Big Stone Gap by Adriana Trigiani
Rating: 3 stars (out of 5)
Challenge: A-Z (author)
Summary/Review: I started this book with high hopes; I'd heard such good things about Trigiani's other books (especially Lucia, Lucia). But I was more than a little disappointed. I found the writing to be trite, and the characters' behavior too often inexplicable.
This book is supposedly about how Ave Maria, the "town spinster" of Big Stone Gap, finds herself and finds love over the course of a year. I suppose that she does, but there were too many improbable things in the story to make either of her discoveries believable.
One discovery that is believable: after her mother dies, Ave Maria is given a letter that her mother wrote and left in the care of her lawyer. The letter explains that the man Ave Maria has thought of as her father (who died many years before the story begins), isn't, and that her real father is an Italian man that her mother had to leave behind when she became pregnant. So far, fine. Part of what results is that the family of her erstwhile father come clamoring for what they see is now their inheritance, including the house Ave Maria grew up in and the pharmacy business she now owns and runs. What does Ave Maria do? Rather than fighting this based on the fact that her father's will gave all of his property to her mother, who then gave it to her (although this is mentioned), Ave Maria chooses to protect the assets from the grubbing relatives by transferring the whole thing to her 16-year-old assistant! And as if that weren't improbable enough, she then begins to separate herself from the every-day running of the business and leaves it in the teenager's "capable hands"!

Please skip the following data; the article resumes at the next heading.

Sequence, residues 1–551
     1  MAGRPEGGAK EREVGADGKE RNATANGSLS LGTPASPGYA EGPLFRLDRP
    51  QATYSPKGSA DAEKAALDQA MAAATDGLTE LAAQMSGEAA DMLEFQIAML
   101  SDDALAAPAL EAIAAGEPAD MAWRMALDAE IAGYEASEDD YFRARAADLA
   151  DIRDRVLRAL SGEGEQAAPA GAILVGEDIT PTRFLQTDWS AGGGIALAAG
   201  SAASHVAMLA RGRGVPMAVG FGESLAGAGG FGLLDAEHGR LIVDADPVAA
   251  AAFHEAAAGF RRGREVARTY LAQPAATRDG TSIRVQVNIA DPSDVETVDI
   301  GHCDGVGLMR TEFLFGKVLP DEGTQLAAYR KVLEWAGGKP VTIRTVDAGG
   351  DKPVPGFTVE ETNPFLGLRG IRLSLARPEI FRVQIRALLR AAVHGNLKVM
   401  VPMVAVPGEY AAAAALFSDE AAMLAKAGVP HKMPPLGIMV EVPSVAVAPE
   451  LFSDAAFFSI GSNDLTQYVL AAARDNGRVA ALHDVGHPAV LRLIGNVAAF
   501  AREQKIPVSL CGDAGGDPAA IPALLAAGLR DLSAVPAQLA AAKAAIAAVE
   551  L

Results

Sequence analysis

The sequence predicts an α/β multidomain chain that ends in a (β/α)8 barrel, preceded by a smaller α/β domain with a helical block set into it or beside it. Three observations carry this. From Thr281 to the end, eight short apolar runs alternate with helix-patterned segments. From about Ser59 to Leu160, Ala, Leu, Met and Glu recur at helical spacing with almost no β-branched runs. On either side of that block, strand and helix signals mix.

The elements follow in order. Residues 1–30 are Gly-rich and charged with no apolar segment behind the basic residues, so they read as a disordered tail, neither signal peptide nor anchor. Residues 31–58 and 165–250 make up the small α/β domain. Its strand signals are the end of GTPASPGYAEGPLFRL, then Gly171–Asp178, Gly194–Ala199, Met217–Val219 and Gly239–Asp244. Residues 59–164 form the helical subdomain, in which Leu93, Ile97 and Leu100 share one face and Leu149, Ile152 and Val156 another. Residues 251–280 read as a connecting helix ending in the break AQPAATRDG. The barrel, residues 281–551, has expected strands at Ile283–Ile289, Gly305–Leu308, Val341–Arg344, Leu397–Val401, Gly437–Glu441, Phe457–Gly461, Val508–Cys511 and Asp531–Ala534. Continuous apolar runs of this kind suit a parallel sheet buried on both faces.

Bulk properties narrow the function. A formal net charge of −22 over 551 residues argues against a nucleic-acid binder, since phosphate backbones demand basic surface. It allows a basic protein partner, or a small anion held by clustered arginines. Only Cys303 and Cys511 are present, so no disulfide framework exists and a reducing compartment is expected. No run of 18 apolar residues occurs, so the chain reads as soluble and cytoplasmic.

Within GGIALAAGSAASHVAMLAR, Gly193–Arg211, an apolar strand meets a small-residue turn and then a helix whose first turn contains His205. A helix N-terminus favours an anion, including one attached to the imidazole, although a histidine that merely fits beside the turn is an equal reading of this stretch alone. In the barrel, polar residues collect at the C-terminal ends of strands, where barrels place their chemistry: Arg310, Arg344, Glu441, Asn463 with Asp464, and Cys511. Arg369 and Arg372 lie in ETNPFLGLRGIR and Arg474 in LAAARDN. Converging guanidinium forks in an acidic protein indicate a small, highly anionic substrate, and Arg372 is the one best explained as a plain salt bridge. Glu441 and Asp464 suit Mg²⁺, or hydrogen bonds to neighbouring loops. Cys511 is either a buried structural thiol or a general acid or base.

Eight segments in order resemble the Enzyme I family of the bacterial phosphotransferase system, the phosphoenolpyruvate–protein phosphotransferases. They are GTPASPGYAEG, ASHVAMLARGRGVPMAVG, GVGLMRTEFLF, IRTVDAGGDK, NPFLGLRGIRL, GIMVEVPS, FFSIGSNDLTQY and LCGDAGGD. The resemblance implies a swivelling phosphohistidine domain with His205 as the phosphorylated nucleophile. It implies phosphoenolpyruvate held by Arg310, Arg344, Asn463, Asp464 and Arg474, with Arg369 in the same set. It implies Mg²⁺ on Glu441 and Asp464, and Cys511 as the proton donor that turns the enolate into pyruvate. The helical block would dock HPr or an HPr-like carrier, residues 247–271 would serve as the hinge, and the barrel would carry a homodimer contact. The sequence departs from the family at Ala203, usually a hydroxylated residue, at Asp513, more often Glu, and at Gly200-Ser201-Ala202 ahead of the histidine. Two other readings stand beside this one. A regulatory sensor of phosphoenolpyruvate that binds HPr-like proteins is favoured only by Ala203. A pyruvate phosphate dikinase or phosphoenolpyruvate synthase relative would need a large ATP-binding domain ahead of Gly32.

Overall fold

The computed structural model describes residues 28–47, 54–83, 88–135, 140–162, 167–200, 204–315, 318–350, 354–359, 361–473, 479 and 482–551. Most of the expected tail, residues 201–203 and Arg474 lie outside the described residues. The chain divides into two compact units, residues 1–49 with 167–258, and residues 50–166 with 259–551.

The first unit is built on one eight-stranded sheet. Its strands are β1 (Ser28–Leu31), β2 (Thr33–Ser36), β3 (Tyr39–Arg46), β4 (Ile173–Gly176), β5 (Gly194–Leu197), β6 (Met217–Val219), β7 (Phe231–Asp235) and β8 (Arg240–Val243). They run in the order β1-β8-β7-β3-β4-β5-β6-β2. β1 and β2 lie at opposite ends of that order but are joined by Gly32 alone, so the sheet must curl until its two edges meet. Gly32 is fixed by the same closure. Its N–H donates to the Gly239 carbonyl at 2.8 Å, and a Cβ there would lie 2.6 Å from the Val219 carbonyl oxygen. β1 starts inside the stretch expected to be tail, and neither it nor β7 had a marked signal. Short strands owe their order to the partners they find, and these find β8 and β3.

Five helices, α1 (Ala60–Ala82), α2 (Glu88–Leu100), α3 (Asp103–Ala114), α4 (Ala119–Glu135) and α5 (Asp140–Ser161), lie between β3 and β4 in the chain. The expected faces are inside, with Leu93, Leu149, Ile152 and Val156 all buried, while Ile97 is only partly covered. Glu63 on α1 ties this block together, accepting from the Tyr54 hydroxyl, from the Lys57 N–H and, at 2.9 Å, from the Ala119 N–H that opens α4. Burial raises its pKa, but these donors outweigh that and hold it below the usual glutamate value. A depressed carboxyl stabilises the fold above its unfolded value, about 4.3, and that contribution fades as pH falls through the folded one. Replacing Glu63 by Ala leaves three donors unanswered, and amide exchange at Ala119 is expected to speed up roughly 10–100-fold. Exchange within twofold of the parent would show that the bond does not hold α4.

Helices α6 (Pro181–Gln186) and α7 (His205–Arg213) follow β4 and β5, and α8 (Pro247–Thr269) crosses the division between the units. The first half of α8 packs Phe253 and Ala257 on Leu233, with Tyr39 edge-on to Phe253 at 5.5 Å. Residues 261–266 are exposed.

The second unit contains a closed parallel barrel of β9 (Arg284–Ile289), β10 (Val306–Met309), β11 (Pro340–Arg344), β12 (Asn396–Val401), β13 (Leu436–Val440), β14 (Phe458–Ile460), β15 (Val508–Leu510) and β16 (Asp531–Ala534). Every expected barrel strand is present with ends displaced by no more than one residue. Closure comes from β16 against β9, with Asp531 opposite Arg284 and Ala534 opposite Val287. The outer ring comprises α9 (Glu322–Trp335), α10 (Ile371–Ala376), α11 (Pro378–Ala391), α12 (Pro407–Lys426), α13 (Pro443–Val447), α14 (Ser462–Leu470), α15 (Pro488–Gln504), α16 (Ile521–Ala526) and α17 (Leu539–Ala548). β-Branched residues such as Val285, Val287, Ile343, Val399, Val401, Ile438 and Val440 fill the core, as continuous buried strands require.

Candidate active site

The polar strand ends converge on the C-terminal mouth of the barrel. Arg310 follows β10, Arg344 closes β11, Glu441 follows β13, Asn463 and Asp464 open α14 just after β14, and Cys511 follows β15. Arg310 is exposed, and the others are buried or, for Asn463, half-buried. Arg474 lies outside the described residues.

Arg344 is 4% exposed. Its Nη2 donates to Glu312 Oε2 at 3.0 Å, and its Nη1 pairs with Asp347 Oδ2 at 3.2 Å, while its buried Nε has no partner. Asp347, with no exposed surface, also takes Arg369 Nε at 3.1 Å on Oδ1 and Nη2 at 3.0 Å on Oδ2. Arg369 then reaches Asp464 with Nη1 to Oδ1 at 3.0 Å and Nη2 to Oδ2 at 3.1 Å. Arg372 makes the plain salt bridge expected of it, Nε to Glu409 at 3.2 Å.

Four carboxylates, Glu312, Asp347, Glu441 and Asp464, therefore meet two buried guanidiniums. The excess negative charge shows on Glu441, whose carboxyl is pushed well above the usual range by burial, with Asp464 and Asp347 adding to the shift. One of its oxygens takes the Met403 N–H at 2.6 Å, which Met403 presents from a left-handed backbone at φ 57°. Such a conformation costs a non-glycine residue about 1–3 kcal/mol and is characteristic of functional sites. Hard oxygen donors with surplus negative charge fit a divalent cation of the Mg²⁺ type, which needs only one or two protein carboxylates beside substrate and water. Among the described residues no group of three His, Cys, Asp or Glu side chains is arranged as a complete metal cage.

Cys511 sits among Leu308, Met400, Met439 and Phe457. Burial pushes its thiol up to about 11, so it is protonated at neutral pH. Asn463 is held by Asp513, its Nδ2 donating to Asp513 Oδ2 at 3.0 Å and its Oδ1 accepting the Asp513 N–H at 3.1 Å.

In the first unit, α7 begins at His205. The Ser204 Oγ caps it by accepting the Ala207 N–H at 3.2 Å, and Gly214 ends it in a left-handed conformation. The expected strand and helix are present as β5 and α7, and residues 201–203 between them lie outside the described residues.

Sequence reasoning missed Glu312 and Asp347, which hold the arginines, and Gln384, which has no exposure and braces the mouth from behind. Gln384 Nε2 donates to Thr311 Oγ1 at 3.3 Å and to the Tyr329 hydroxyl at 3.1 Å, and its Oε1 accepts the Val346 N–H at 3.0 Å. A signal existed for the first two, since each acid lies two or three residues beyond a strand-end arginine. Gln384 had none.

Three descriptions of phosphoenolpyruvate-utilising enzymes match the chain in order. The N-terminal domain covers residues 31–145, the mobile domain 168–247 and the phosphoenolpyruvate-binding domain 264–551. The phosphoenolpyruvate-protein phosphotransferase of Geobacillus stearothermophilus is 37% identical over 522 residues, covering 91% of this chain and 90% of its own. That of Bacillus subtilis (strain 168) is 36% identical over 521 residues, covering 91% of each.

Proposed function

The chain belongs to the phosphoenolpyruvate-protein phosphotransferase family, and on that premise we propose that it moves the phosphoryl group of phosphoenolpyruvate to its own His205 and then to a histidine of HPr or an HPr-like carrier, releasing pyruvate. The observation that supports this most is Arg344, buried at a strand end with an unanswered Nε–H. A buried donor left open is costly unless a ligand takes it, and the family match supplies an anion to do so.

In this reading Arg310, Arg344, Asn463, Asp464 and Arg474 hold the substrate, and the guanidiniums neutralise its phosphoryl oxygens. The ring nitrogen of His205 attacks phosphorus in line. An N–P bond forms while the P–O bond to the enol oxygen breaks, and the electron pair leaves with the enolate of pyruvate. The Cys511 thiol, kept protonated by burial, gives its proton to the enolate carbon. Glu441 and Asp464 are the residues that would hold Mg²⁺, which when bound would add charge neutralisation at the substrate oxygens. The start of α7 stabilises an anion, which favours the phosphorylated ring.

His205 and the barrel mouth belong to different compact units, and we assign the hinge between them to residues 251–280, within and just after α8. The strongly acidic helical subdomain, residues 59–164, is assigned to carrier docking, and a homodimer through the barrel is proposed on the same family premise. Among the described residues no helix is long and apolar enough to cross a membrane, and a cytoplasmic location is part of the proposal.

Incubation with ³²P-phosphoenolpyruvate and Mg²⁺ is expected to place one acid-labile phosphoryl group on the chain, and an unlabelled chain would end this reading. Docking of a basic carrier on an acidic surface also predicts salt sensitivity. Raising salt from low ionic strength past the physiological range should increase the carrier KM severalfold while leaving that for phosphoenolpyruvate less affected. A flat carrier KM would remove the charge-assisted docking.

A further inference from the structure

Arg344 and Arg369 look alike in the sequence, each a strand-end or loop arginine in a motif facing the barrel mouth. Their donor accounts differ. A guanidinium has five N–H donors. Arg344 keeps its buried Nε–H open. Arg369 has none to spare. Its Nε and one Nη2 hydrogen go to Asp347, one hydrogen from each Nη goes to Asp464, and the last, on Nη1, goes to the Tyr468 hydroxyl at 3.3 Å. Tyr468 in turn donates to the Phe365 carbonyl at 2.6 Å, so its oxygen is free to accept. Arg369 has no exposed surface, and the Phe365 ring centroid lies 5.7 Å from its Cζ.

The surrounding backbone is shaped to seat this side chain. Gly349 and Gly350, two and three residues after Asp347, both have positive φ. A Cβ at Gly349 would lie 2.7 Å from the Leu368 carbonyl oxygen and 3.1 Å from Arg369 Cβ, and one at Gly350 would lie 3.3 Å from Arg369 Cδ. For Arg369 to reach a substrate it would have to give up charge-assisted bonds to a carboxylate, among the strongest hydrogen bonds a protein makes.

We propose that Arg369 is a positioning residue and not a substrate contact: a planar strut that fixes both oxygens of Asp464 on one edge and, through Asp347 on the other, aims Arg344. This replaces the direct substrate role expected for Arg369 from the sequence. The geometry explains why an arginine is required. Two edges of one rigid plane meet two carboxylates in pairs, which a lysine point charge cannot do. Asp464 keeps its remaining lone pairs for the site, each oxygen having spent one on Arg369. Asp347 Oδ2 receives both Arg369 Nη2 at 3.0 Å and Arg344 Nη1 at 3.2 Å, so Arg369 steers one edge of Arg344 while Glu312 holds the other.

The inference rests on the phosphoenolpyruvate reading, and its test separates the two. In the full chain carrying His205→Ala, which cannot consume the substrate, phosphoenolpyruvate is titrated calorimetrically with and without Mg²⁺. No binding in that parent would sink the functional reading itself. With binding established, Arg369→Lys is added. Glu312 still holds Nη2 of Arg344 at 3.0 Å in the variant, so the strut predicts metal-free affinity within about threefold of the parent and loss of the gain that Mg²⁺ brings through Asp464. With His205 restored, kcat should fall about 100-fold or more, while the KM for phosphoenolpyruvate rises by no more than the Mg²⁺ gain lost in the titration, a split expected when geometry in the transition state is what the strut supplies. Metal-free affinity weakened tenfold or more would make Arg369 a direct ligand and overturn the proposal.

Moving on. At 35, Ave Maria is thought of by the town and by herself as a spinster. She prizes herself on her independence, although she wishes she could fall in love with someone who would want to marry her. But, when someone she's known since childhood suddenly proposes to her, she says no, thinking that he's only asking her out of pity, or is playing some kind of trick on her (this I found eminently believable, because if someone up and proposed to me without any sign that they had any special feelings for me, I'd feel the same way!). The man in question gets mightily offended, but doesn't stop trying. Unfortunately, he also doesn't really do anything to demonstrate that he's loved her since they were children (we don't find this out until much later). So why should either we, as readers, much less Ave Maria, believe that he's madly in love with her? Apparently, all her friends knew he was in love her, but we're not told any single thing that he did to demonstrate it. What's more, they apparently knew that she was in love with him, even though we're not told what she may have said or done to give that away. And, none of them will tell her what they've so sneakily observed. Ave Maria does eventually feel all the love, and they get married quickly, and seem very happy. Which is great. Except I don't believe it.